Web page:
What do Regina George, Draco Malfoy, Chris Hargensen, and Syd Phillips have in common? They are the mean-spirited thugs disguised as children, who with a flip of a switch, turn charm into perversion, and scar their victims forever. I’m adding Mary to the list.
On TCM the other night, I watched the 1961 classic, The Children’s Hour, a William Wyler film adaptation of the play and starred Audrey Hepburn, Shirley MacLaine, and James Garner.
Karen Wright (Audrey Hepburn) and Martha Dobie (Shirley MacLaine) are close for years and own and run a boarding school for girls. Karen is engaged with the local doctor Joe Cardin, who is the nephew of the influential Mrs. Amelia Tilford. Mary, her granddaughter, is a monster.
This film explored a taboo topic and I liked the film for three reasons:
With a whisper, wicked Mary births a scandal that leads to a libel suit and demise of the boarding home. Mary was perfect as the bully who blackmails her roommate and manipulates the adults around her. What a great villain in film and great acting job by Karen Balkin.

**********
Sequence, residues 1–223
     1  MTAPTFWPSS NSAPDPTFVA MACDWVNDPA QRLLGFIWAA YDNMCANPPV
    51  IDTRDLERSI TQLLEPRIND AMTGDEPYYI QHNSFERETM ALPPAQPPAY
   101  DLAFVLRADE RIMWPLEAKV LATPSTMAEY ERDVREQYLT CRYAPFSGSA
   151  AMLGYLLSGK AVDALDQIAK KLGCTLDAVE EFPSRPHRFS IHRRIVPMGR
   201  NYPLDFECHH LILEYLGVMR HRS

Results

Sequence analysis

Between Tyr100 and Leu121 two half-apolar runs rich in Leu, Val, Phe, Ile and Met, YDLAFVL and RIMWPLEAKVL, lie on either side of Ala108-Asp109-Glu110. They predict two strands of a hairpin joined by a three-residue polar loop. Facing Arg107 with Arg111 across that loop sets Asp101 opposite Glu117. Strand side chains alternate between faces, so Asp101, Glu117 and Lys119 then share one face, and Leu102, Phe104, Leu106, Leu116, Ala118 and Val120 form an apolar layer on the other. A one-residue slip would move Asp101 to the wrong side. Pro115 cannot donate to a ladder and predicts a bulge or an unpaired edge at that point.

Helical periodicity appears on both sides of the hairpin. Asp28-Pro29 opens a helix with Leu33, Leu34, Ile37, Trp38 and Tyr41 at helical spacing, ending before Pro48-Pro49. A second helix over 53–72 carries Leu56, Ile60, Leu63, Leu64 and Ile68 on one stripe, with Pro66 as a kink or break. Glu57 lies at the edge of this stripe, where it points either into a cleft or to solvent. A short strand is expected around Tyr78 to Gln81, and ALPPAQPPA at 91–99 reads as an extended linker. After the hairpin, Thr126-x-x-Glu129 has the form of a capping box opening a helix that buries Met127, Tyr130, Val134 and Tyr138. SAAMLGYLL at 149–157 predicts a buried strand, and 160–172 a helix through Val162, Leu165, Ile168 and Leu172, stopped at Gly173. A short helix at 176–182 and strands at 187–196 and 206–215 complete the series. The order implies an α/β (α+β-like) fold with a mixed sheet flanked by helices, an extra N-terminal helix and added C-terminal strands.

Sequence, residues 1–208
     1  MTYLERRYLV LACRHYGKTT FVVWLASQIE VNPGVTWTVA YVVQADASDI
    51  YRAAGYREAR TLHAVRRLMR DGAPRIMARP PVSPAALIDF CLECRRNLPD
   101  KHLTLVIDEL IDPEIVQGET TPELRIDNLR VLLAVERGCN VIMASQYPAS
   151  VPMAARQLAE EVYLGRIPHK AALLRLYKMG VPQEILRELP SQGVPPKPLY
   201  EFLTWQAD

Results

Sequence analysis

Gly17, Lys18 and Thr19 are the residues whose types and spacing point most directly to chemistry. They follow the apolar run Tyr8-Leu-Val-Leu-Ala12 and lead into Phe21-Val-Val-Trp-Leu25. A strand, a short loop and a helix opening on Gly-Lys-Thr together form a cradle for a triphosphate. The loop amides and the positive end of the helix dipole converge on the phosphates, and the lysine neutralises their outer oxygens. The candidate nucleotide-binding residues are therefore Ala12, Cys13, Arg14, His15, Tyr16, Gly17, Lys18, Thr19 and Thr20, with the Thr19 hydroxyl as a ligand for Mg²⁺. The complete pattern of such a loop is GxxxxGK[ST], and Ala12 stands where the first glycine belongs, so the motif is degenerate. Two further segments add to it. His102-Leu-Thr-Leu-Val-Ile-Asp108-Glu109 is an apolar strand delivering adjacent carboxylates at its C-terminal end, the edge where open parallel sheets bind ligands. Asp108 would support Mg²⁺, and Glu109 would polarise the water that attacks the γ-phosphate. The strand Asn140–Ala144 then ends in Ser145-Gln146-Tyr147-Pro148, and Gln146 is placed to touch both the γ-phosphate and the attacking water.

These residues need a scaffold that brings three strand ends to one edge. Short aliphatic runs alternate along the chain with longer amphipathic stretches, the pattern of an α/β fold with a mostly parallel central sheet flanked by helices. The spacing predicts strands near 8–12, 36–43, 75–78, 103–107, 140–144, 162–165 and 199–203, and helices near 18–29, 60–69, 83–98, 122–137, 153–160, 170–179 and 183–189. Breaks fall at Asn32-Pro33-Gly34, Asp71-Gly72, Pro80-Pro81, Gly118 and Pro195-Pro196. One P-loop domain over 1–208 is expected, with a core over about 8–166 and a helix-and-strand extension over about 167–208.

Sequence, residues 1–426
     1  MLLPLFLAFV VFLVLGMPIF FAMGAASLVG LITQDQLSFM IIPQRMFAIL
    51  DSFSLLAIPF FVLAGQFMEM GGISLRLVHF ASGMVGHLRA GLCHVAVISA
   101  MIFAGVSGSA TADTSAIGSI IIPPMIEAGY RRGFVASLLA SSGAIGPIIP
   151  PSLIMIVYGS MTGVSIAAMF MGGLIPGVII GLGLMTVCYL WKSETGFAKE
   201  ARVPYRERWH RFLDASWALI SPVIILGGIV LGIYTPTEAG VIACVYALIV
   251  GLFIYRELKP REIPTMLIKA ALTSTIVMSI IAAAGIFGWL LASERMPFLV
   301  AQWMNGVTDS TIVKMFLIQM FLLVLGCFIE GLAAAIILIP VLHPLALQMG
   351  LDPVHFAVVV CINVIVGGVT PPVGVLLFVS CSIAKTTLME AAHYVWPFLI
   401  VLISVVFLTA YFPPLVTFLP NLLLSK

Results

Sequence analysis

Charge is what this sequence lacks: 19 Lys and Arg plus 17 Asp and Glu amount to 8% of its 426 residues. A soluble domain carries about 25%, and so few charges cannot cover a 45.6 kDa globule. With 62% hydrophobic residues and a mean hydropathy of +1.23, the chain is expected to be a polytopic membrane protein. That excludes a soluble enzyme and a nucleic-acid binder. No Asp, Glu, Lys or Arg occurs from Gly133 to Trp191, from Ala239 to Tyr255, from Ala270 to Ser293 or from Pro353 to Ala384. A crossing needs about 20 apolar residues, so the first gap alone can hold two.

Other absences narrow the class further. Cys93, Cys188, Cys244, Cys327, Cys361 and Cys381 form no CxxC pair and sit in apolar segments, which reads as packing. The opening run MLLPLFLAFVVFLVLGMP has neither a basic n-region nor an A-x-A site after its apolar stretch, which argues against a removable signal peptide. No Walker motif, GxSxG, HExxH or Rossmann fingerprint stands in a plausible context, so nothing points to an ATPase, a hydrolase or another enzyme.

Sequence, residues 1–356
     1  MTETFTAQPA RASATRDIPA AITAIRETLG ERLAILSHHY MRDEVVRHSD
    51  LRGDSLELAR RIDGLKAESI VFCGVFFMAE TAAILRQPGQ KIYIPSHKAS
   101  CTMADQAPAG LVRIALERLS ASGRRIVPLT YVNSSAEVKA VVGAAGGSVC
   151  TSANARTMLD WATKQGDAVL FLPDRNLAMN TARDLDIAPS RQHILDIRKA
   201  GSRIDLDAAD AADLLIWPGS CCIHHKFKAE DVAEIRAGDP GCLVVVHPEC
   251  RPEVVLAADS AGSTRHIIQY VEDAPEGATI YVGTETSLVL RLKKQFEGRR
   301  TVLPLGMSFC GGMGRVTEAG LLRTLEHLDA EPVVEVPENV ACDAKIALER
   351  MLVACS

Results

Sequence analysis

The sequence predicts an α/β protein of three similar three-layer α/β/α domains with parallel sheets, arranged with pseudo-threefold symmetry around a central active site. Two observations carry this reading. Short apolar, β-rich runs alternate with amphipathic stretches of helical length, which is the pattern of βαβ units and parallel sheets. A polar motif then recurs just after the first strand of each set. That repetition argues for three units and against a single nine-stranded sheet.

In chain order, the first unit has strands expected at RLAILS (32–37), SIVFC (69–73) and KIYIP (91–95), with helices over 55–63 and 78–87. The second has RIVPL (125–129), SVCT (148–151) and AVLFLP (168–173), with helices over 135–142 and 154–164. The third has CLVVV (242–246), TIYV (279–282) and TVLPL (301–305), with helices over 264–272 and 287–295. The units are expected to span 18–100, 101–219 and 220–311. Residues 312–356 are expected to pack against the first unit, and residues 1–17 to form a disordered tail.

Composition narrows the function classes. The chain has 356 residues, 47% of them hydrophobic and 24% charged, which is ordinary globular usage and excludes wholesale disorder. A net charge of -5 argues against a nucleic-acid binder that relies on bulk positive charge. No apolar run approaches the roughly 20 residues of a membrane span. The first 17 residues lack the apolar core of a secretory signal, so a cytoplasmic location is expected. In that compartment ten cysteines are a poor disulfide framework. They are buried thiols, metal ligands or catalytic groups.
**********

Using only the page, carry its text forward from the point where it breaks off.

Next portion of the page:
Shirley MacLaine’s acting. In 1961 she completed The Apartment which won 5 Oscars, and this was her next film for which she was nominated again for Best Actress. I love her voice. One line she will deliver like a sweet girl and then the next line her voice is vicious.
The best part of the film is it’s a horror story. I forgot how intolerant society was to homosexuals; the “unnatural” act haunts the characters and permeates the air. The historical climate is authentic.
In the United States, in the 1700s, if you were a homosexual, you would be hanged. In the 1800s, not much had changed. In the first half of the 20th century, to be actively homosexual was a criminal offense and up to 20 years in prison. Depending on the state, you could expect denial of a driver’s license, disowned by your family, fines, denied jobs, and excommunication. It wasn’t until 1998 that President Clinton authored Executive Order 13087 which banned the discrimination of employment based upon sexual orientation. In 2003, the Supreme Court case, Lawrence v. Texas, same-sex sexual activity was legal in every U.S. state and territory. But in 1961, Gay Civil Rights was only a whisper.